[Question] Is donating to AMF and malaria interventions the most cost-effective way to save lives from COVID-19?

This is a cross-post from the EA forum and wanted to gather the thoughts of LessWrong. I am new to both communities so I apologize in advance if I overstep any rules. If I have, please let me know!

Looking at WHO’s recommendation to maintain malaria interventions and AMF’s response to COVID-19, it sounds like reducing mortality of malaria can and will reduce mortality of COVID-19.

This seems to be based on the assumption that if you prevent a malaria patient from having to go to the hospital, then that frees up resources for them to focus on saving a COVID-19 patient.

So if we were to oversimplify this as an example:

Let’s say a hospital has 50 beds. There are 50 COVID patients and 50 malaria patients. Thus, you can only save half of them. If we were able to prevent malaria in those 50 patients, then the hospital can allocate all 50 beds to the 50 COVID patients—thus, saving everyone.

Now, I’m very sure there’s much more to consider than my oversimplification—so I would love to hear people’s thoughts and be proven wrong!


EDIT: I reached out to AMF for further clarification and here is their response.

There are several ways in which reducing malaria – both morbidity and mortality – helps reduce the impact of COVID-19.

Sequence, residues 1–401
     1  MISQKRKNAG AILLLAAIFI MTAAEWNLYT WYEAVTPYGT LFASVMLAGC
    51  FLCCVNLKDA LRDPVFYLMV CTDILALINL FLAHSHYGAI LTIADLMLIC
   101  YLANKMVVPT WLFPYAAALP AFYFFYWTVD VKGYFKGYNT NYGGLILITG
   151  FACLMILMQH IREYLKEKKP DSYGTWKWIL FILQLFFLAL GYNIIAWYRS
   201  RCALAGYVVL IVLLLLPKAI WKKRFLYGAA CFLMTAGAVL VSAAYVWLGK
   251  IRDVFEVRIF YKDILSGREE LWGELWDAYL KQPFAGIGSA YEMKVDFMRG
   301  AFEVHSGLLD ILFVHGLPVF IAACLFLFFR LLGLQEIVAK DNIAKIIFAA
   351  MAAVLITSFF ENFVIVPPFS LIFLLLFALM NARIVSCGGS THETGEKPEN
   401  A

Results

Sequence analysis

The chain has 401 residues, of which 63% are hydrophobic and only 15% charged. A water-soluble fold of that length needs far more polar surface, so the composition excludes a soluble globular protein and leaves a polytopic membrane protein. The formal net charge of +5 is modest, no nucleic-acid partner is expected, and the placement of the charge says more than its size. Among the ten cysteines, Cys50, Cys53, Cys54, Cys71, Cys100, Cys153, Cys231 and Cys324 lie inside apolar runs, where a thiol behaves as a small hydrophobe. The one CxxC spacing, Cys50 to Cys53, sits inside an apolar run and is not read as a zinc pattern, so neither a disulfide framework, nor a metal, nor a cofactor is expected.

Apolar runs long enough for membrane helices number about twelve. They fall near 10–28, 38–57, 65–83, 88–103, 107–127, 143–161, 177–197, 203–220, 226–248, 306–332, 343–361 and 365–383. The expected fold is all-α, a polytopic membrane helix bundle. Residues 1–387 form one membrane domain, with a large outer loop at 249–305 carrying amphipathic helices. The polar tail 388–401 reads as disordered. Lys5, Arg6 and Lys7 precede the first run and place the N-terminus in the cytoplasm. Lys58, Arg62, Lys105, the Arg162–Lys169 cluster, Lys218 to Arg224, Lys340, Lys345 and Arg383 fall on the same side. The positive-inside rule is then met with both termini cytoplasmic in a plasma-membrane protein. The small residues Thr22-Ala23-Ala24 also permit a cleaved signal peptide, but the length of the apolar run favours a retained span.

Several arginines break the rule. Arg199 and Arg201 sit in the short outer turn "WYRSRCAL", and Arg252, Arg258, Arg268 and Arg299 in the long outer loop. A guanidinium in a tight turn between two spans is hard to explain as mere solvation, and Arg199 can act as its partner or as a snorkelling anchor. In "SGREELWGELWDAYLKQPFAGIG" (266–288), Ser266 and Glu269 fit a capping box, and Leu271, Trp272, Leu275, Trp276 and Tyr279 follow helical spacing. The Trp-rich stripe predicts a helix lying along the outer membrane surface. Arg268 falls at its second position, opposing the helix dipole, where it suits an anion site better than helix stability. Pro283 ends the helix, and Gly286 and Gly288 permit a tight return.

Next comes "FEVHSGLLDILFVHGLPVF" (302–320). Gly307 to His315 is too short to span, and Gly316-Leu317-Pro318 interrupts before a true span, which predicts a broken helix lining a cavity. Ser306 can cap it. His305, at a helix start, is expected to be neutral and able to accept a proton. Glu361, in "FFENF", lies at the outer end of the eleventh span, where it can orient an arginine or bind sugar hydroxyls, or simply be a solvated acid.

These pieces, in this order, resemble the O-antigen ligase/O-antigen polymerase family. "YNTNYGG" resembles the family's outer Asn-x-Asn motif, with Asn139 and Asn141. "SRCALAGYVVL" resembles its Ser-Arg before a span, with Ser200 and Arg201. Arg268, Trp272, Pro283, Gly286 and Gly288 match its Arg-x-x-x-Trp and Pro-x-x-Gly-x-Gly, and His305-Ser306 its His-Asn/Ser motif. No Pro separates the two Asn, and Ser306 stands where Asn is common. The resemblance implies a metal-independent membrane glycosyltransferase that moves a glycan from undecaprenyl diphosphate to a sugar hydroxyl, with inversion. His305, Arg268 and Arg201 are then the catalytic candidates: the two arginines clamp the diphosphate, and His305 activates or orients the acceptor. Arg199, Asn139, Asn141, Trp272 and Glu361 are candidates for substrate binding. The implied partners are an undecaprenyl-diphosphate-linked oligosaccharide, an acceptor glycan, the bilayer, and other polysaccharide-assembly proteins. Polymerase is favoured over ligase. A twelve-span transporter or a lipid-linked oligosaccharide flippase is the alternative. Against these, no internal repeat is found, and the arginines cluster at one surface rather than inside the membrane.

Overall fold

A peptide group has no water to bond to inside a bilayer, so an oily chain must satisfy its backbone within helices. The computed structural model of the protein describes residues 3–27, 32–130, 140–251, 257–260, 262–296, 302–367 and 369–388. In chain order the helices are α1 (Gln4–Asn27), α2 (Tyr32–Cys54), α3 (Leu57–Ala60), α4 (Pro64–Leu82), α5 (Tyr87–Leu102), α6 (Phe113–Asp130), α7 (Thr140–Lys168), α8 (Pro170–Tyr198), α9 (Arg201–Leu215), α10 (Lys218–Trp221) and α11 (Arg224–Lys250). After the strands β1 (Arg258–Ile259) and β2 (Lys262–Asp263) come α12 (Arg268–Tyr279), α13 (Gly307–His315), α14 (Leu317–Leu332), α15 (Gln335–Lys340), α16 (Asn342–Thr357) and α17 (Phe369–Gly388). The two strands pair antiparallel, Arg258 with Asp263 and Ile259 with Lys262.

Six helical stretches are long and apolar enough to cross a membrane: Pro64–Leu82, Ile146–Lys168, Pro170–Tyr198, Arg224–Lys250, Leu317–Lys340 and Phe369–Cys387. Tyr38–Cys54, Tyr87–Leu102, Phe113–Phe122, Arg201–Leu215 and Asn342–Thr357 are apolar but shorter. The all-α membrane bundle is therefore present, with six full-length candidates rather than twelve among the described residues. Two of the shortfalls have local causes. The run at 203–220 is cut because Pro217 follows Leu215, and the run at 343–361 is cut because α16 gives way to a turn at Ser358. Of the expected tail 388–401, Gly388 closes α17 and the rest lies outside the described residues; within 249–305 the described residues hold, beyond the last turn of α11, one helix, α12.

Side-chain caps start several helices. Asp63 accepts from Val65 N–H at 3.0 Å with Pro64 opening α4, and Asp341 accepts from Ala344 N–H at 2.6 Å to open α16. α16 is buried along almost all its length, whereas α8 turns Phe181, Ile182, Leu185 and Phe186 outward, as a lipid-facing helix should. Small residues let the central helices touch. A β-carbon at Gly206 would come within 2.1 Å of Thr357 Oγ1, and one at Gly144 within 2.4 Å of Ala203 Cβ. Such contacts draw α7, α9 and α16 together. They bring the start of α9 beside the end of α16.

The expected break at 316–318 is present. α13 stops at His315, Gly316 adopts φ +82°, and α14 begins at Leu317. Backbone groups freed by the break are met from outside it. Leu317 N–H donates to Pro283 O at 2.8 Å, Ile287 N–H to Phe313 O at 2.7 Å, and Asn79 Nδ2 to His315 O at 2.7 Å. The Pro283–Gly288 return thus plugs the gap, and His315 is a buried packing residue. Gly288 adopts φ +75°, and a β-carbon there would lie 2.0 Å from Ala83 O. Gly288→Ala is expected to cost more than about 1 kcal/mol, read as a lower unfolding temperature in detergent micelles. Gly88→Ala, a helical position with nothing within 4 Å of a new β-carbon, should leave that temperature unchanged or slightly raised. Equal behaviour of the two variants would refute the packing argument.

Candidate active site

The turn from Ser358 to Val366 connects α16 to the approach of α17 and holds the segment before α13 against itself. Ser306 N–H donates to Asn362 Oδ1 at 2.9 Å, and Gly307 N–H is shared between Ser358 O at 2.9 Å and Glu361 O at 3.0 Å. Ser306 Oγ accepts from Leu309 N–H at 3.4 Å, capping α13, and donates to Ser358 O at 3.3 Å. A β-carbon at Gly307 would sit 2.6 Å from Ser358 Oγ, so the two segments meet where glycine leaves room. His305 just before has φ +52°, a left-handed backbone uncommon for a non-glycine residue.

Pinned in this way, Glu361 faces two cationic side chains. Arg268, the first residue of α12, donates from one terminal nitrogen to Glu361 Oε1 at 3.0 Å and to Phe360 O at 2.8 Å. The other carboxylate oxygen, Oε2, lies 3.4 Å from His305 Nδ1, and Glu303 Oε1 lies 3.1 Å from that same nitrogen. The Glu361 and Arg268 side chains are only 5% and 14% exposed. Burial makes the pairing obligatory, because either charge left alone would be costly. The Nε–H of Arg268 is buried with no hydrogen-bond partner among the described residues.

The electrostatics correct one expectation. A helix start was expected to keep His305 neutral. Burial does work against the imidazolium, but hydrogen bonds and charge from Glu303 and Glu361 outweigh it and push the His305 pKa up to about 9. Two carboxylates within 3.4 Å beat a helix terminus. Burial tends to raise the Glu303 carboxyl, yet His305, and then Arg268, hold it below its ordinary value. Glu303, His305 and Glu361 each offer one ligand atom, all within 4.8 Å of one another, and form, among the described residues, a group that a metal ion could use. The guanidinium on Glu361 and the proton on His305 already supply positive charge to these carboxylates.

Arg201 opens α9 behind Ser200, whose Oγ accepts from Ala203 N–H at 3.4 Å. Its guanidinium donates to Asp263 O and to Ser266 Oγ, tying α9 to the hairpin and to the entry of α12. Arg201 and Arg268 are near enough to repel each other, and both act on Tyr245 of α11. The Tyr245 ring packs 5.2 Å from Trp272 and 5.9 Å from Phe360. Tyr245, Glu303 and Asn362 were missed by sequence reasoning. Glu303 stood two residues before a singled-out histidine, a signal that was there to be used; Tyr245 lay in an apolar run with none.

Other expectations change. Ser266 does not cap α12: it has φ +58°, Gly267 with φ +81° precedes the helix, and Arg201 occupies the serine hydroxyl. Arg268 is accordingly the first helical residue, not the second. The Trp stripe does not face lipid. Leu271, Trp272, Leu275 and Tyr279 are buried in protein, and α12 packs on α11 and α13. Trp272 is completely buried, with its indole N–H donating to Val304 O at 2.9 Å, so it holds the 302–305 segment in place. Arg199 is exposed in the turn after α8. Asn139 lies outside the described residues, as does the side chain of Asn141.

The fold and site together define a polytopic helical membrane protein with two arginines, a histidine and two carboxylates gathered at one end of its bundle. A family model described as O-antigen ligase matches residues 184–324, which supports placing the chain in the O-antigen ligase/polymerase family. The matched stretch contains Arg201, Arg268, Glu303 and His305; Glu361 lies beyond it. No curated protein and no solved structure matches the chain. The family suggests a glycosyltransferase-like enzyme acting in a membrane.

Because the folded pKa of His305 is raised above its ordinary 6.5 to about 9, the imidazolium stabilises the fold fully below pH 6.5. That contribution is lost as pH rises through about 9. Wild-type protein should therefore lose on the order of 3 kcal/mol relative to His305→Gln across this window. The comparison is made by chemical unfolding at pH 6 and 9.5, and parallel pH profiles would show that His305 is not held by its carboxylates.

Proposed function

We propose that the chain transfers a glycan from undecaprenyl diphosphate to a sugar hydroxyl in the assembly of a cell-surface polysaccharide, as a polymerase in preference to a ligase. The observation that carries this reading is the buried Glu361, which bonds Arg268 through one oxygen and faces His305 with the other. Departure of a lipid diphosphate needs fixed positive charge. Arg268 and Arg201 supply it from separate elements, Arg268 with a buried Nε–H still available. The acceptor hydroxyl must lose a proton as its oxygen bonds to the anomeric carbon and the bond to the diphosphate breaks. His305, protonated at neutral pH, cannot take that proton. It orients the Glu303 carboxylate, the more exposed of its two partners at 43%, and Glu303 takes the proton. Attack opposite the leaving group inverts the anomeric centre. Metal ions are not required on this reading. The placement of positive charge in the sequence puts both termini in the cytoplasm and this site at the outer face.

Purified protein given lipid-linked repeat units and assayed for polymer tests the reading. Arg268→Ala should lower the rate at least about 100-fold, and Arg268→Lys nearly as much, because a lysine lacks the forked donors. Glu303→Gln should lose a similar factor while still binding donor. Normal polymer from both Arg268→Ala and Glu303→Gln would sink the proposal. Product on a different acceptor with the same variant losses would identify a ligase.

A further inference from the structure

First, if people are ill with malaria their immune system is less able to cope with the effect of COVID-19 so the impact of COVID-19 can be expected to be greater. This is consistent with those most at risk being people with ‘underlying health issues’. Increased malaria leads to a greater strain on already fragile health systems including taking up more intensive care beds.
Second, if people are ill will malaria, whose symptoms are very similar to those of COVID (high fever), (“….the early symptoms of COVID-19, including fever, myalgia, and fatigue, might be confused with malaria and lead to challenges in early clinical diagnosis.” Source: Lancet article) the identification and management of COVID-19 is made more difficult. There is a greater risk of mis/​under-diagnosis (treated as malaria when in fact COVID-19) or over-diagnosis (treated as COVID-19 and perhaps a bed in a hospital allocated, when malaria is the illness), which makes the management of COVID-19 more challenging.
Third, if we delay desperately needed universal net coverage campaigns, and bednets are the most effective mechanism of preventing malaria, as well as other malaria control interventions, there is a significant risk, indeed a likelihood, that malaria will increase leading to further loss of life, illness, a greater strain on health systems trying to deal with COVID-19 as well as increased negative economic impact—if people are ill, they cannot farm, drive, teach, function.
For these reasons and as the WHO advises, it is important that malaria control activities continue. These activities are likely to require sensible operational adjustments, including increased sanitizing measures and social distancing, to limit transmission risk.
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